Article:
Tags: A1C, American Diabetes Association, Diabetes, DSME, insulin, kidneys, Medications
Eileen B. Wyner, NP
Bulfinch Medical Group
I recently reviewed updates to the American Diabetes Association’s (ADA) Standards of Care for 2017. In this post, I’ll review Section 8 of the standard that talks about different medications for treating diabetes. I will also discuss some of the newer medications used to treat diabetes.
Type 1 Diabetes is always treated with insulin, either through multiple injections or an insulin pump. Type 2 Diabetes can be treated with oral medications (pills by mouth), injections, or both. The ADA recommends that people with Type 2 diabetes start patients start with the pill metformin, as long as it safe for them to take it. Taking metformin for a long time may lead to not getting enough Vitamin B12, stomach symptoms, and can affect how well the kidneys work (your care team will monitor your kidneys to be sure they are working properly).
If someone is taking one oral medication at the highest possible dose but their A1C is still not at goal, providers should consider adding additional medications: another oral medication, long acting insulin (injection), or a non-insulin injectable medication called glucagon-like peptide 1 receptor agonists (GLP-1 receptor agonists).
Examples of GLP-receptor agonists are exenatide (Byetta), liraglutide (Victoza), and dulagultide (Trulicity). These medications cause food to move through the stomach slower so people feel full sooner. This leads to less glucagon (another hormone made by the pancreas) being released after meals and lowers appetite, which helps with weight loss. These medications need glucose to work, so there is little chance of hypoglycemia. Side effects include nausea, vomiting and acute pancreatitis. They may also cause medullary thyroid cancer in animals. It should be noted that these medications are expensive.
People with poorly controlled diabetes and atherosclerotic cardiovascular disease (ASCVD aka heart disease) may benefit from a new medication called empagliflozin (Jardiance), a type of medication called SGLT-2 inhibitor. These medications work by preventing the body from reabsorbing glucose. This lets more glucose leave the body through urine. People may have lower blood sugar values after eating and lose some weight. Studies show empagliflozin helped reduce deaths caused by heart attack, stroke, and cardiovascular disease. Empagliflozin is the only SGLT-2 inhibitor with these results, but other medications are being studied (liraglutide [Victoza] may have the same results, but other GLP-1 receptor agonists are not used this way). Potential side effects include hypoglycemia, low blood pressure, dizziness, urinary tract infection, needing to urinate a lot, and increased LDL and creatinine (a waste product filtered out by the kidneys). Again, these medications are very costly.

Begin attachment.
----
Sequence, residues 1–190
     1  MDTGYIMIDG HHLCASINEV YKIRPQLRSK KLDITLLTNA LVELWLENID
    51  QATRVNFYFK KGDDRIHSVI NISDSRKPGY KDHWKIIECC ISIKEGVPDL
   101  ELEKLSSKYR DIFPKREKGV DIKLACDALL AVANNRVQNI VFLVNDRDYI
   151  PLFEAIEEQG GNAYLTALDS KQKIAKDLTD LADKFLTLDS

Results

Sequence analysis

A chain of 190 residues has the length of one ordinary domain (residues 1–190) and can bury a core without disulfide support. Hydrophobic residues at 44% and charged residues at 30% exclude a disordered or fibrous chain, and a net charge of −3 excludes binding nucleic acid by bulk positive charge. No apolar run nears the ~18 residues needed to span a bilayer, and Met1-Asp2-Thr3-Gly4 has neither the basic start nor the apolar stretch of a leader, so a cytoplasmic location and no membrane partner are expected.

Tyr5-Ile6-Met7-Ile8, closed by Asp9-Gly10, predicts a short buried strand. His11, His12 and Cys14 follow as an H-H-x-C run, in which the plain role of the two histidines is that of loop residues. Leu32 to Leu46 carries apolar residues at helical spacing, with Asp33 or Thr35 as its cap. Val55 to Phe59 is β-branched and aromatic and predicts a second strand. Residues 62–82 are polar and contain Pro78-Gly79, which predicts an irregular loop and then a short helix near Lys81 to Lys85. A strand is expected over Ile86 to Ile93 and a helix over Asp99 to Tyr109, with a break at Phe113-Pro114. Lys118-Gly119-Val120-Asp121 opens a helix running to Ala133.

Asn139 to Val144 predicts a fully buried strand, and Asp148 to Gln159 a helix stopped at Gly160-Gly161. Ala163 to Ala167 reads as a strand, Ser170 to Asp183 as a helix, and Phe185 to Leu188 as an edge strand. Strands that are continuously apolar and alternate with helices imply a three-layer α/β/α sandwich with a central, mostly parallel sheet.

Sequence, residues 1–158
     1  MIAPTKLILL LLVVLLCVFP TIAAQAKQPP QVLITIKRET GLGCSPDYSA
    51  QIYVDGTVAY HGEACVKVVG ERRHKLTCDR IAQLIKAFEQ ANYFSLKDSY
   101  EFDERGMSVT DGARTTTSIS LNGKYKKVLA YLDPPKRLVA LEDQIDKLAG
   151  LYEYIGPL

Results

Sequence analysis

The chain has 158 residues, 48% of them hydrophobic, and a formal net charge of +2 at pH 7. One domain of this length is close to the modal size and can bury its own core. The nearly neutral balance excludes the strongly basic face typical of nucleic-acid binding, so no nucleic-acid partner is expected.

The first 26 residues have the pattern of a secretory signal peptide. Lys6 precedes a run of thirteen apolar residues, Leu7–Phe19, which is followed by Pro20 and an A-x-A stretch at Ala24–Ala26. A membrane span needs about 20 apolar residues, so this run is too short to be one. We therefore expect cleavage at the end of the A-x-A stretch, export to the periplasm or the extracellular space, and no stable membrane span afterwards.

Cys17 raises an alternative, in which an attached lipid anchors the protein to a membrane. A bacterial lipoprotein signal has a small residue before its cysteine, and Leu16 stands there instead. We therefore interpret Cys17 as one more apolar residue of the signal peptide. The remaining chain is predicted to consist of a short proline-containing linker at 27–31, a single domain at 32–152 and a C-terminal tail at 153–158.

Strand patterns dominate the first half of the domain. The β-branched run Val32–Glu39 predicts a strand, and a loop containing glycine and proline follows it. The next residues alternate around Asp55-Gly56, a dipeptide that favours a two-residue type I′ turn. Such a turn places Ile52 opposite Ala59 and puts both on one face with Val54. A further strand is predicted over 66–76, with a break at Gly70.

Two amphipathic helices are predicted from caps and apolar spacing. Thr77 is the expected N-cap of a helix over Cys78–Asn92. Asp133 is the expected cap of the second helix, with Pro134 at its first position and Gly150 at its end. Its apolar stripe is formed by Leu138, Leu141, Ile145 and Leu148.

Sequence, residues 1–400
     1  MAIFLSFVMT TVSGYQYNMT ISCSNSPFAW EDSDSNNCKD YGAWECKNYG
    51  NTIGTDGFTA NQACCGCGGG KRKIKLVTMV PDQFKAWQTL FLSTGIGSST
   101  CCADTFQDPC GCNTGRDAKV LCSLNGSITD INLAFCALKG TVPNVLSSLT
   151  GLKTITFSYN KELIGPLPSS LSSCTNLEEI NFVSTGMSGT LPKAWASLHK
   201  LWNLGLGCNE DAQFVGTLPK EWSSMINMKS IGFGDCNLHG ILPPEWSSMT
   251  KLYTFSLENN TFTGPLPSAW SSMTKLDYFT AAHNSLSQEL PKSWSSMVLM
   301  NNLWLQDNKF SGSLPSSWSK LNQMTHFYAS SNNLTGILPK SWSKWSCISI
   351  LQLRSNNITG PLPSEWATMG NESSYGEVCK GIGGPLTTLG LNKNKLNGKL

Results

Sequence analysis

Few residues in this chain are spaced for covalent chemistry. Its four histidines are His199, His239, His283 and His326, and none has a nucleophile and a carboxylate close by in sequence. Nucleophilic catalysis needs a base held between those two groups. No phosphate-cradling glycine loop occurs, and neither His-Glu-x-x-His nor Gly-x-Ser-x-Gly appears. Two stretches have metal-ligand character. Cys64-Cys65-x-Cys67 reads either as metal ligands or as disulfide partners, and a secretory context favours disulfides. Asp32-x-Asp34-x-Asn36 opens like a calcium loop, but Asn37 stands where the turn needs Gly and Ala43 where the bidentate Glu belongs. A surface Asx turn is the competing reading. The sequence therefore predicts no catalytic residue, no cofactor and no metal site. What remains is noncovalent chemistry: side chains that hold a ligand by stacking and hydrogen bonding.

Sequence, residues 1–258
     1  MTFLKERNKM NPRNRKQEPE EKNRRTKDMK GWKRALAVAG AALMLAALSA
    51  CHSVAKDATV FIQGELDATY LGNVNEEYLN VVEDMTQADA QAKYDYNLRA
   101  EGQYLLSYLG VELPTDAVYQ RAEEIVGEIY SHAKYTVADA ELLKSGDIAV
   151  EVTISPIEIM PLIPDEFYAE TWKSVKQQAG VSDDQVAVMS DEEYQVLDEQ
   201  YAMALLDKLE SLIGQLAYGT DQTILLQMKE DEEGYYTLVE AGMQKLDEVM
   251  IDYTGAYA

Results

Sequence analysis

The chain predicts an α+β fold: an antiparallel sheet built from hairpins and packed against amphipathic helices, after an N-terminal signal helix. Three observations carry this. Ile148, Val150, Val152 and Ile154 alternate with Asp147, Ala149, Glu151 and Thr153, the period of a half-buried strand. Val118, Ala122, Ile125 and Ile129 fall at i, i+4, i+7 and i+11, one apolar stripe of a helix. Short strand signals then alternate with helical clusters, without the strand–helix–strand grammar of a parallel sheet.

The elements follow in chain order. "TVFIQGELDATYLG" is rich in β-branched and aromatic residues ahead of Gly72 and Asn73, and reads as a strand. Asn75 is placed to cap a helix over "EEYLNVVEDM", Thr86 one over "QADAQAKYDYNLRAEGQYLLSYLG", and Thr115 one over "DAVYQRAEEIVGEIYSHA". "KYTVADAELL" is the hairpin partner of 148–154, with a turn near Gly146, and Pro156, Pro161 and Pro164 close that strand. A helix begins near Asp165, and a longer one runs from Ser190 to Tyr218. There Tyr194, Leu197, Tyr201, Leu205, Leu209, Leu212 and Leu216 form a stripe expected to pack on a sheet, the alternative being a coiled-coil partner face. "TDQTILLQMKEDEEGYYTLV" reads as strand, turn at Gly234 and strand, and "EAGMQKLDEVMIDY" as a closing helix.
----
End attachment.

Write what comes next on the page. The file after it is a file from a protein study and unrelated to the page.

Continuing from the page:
There are many medications available for the treatment of diabetes. These standards are general recommendations for medical care. Always discuss questions about your care plan with your healthcare provider.
Are you newly diagnosed with diabetes, or struggling to control your blood sugar? If so, DMSE/S programs can help!October 17, 2016 at 9:43 am | Posted in Announcements | Leave a comment
Tags: Diabetes, DSME, health, healthy lifestyle, Medications, nutrition
Diabetes is a chronic, complex disease. Self management is key, but what does that even mean? Where do you start? Self Management is the ‘taking of responsibility for one’s own behavior and well being.’ Living well with diabetes means you need to learn new skills and behaviors. This can seem overwhelming during an already stressful time. DSME/S programs teach you the self management skills you need to truly thrive.
You will first see a nurse or nurse practitioner (who is often usually a Certified Diabetes Educator or CDE). You will either continue to see that clinician by yourself or attend group classes with other people just like you. Group classes are a great way to learn and be supported by people who know what you’re going through. You are not alone! During appointments or classes, you will learn about important topics like nutrition, exercise, medications and more. You will also set specific behavioral goals to work towards between each visit.